ALAMOSA – Over the span of its 86-year life, the stately, red brick, two-story building known as Boyd School has served the people of Alamosa very well. During the last year the school was in operation, the 2nd and 3rd grade students’ proficiency scores were in the 90 to 94 percentile, beating the state average.
The school was closed in 2011 and the building transferred ownership – while still continuing to house programs, like Early Childhood Education, that are of significant benefit to the community. But when the property went into foreclosure in recent months, the future of one of Alamosa’s most well known sites was in question.
The Early Childhood Education program was moved to the Boys and Girls Clubs of the San Luis Valley where it presently exists.
Not unlike a hero saving the day, a local developer stepped in and bought the property to make sure it stayed in local hands. The developer had a vision of repurposing the property for affordable housing, which quickly led to several offers on the property being made. But, after being approached by several local leaders and the city of Alamosa, the group steered their attention toward working with the San Luis Valley Housing Coalition (SLVHC) whose mission and vision closely aligned with theirs.
As Dawn Melgares, executive director of SLVHC, describes it, “They agreed with our vision of what housing could and should be.”
Last week, SLVHC announced that they have received acquisition funding through the Division of Housing to purchase the Boyd School property with plans, over the next two years, to develop the building and surrounding land to accommodate renovation and construction for up to 40 living spaces.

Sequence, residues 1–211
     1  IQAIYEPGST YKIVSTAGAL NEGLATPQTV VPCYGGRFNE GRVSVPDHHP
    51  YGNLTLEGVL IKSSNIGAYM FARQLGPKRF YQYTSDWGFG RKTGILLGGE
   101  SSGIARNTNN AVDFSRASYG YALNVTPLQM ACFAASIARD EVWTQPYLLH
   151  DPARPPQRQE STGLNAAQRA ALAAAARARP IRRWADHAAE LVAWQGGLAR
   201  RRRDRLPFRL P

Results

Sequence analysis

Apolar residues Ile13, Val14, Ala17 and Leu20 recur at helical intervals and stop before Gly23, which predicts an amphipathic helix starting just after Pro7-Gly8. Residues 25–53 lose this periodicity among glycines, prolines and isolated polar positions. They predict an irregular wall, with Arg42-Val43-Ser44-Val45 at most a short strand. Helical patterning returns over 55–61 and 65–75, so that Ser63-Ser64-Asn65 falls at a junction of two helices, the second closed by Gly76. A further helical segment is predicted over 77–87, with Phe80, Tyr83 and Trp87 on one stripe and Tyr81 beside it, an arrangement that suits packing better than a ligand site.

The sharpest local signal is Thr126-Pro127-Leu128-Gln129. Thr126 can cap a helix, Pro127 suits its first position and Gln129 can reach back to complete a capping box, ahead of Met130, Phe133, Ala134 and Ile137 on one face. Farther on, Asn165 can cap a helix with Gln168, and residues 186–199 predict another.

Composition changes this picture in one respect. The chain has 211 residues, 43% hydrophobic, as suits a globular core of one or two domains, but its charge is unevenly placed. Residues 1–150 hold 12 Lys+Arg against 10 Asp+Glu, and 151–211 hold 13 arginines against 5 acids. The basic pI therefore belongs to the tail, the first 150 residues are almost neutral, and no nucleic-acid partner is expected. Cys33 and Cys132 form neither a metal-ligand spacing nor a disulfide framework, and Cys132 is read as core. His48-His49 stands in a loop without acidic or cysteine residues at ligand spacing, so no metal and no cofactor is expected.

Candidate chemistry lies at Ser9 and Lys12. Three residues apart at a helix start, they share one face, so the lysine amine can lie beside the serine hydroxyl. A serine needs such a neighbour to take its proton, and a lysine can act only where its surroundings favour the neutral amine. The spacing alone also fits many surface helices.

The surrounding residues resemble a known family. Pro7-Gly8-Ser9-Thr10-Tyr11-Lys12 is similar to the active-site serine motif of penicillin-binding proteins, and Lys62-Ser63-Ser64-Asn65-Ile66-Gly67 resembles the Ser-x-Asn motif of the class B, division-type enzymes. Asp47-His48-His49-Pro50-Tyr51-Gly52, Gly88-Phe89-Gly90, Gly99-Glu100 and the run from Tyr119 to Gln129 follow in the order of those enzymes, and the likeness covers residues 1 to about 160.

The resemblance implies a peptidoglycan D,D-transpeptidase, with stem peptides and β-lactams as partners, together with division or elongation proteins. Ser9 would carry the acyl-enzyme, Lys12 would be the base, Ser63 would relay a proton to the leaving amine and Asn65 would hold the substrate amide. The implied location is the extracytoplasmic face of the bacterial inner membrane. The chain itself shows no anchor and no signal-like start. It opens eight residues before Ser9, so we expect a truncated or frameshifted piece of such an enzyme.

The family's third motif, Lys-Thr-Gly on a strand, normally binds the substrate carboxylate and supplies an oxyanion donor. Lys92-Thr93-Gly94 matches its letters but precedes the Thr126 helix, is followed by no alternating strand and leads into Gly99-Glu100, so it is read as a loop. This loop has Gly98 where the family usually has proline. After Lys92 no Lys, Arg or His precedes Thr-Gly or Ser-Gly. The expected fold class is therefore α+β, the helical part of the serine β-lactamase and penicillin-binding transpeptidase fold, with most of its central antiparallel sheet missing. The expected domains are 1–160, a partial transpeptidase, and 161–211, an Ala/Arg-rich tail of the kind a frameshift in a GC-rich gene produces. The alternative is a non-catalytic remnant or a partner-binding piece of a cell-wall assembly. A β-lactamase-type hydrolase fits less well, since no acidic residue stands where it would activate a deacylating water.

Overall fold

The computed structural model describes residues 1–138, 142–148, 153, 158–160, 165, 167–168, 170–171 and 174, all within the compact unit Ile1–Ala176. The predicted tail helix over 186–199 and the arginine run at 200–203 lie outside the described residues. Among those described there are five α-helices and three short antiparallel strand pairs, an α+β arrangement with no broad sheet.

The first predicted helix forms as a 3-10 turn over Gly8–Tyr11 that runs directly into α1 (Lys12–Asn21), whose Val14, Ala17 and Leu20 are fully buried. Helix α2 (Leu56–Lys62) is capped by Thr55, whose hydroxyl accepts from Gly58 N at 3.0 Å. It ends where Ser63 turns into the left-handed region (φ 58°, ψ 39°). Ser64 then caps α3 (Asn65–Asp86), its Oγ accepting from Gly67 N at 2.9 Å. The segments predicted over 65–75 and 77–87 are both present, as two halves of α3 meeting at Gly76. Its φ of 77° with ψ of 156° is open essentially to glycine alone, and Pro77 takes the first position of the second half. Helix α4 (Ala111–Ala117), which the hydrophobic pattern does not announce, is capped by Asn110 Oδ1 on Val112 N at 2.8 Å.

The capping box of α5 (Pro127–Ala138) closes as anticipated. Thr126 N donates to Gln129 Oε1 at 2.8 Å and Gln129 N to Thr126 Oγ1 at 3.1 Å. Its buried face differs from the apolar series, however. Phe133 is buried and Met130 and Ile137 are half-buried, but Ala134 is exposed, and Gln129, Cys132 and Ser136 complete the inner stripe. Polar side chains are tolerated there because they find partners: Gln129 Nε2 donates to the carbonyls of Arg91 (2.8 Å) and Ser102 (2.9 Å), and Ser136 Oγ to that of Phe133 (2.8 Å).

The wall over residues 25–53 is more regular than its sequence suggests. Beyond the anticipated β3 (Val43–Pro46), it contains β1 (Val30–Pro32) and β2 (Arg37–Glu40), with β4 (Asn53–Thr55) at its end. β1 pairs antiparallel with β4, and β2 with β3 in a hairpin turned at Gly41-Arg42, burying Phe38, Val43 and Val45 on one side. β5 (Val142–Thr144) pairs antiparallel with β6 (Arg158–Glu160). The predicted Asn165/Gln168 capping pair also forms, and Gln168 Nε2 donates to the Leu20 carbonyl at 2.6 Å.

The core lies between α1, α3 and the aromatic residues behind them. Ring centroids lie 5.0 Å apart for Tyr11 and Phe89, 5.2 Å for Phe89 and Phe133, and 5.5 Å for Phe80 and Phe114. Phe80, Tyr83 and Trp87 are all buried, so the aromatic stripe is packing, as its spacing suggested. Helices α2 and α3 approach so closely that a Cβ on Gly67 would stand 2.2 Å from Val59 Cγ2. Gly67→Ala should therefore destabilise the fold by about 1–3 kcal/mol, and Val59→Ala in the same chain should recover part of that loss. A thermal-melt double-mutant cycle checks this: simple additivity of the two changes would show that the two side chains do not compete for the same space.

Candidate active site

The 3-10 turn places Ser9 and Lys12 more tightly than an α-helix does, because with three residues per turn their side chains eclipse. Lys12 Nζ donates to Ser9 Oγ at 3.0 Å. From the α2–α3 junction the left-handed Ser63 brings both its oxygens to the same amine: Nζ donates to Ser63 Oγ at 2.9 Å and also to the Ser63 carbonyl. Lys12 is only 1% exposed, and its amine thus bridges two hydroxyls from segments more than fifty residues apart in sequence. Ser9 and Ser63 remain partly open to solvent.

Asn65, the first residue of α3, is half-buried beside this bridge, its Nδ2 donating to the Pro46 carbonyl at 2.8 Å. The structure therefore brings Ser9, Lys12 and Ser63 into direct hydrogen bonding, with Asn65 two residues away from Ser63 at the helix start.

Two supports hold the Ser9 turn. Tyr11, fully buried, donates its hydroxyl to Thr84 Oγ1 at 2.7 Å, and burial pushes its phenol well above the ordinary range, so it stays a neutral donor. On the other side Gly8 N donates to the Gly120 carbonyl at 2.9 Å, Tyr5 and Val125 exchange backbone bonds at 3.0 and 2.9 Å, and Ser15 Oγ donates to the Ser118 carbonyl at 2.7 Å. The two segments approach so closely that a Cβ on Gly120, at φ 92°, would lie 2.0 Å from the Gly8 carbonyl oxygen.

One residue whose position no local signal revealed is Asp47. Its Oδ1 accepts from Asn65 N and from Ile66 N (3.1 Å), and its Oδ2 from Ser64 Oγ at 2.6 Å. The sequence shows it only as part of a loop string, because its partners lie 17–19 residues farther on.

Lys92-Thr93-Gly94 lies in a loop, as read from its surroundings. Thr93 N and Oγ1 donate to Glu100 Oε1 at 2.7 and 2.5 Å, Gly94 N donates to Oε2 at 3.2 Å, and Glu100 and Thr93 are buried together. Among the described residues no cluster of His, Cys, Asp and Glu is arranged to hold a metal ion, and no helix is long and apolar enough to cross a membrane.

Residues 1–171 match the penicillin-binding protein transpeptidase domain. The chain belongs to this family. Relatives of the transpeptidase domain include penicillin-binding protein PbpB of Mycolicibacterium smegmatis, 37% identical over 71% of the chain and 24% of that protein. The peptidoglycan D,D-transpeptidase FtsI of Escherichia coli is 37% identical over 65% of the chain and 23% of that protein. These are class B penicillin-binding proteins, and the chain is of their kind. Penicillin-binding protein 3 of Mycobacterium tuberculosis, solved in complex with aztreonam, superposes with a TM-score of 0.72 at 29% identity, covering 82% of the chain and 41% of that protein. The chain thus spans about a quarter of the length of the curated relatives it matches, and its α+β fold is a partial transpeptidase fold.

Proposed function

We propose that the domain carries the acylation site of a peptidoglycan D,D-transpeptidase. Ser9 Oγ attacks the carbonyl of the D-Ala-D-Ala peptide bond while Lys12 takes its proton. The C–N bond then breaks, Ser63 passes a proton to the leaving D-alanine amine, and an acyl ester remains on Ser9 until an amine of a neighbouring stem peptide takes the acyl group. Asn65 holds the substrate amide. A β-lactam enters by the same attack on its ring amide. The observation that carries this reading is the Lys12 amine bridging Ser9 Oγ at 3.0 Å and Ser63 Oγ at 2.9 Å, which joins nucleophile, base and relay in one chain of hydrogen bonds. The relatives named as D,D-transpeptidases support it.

Melgares, who had her eye on the property for a long time, is “grateful” and also very clear about the underlying philosophy that will guide the project. That philosophy can be summarized in one word.
“The outside of the building with that beautiful red brick will stay exactly as it is. That brick was made locally and provided a lot of jobs in Alamosa. It isn’t available anymore and it’s important to keep that part of the building, not just because it’s beautiful but also because of what it represents historically and economically. We also want to preserve the building because it is exactly the way we all remember the Boyd School always looking.”
Melgares’ emphasis on preservation extends beyond the property lines of Boyd School and includes looking at the neighborhood where the school is located and the community that surrounds it. “Our goal isn’t to change the community but to preserve it and build on what’s there,” she says.
That preservation also includes keeping both the community garden that is on the property and the return of the Early Childhood Education program.
The Boyd School project is bigger than what the name immediately implies and will involve incorporation of the entire city block where the school is located, including the 1.9 buildable acres that run between the community garden along State Street and the school building itself.
According to Melgares, twelve to fourteen of the proposed forty units – each with their own bathroom and kitchen – will be inside the existing building, which is a total of 36,000 square feet in size.